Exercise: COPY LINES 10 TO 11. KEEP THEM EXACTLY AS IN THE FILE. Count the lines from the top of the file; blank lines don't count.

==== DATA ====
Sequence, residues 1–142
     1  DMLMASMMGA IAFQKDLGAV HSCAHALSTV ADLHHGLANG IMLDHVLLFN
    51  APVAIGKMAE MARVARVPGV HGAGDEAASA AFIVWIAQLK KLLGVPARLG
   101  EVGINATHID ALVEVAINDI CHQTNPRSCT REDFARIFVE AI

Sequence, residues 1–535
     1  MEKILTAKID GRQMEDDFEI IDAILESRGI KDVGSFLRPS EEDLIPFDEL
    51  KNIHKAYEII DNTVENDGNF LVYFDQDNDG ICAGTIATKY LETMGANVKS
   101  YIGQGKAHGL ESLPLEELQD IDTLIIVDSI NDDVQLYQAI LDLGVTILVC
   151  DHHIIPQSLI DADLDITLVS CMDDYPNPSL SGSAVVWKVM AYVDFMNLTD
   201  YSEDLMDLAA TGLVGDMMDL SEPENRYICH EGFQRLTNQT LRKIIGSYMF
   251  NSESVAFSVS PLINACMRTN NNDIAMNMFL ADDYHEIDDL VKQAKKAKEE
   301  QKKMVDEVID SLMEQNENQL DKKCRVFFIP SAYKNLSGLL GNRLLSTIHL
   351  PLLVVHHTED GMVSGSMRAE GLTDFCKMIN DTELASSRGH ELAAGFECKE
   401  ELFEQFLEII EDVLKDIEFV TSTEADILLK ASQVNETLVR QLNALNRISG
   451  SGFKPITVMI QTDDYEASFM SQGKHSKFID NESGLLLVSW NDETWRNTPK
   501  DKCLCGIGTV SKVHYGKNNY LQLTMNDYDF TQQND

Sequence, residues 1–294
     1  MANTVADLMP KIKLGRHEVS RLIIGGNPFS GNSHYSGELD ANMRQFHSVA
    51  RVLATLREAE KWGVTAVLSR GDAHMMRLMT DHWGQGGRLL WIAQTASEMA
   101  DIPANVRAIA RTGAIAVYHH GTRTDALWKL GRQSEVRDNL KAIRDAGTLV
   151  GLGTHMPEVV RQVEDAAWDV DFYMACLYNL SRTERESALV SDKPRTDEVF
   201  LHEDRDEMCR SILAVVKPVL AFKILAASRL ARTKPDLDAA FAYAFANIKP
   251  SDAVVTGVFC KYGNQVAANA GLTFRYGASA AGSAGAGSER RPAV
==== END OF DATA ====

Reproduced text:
   201  YSEDLMDLAA TGLVGDMMDL SEPENRYICH EGFQRLTNQT LRKIIGSYMF
   251  NSESVAFSVS PLINACMRTN NNDIAMNMFL ADDYHEIDDL VKQAKKAKEE